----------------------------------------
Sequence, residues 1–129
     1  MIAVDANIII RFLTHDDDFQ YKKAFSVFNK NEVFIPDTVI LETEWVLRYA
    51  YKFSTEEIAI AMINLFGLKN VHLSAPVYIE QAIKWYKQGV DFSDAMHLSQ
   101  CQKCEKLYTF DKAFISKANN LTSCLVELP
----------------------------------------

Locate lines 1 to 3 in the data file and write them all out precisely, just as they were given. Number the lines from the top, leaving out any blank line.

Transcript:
Sequence, residues 1–129
     1  MIAVDANIII RFLTHDDDFQ YKKAFSVFNK NEVFIPDTVI LETEWVLRYA
    51  YKFSTEEIAI AMINLFGLKN VHLSAPVYIE QAIKWYKQGV DFSDAMHLSQ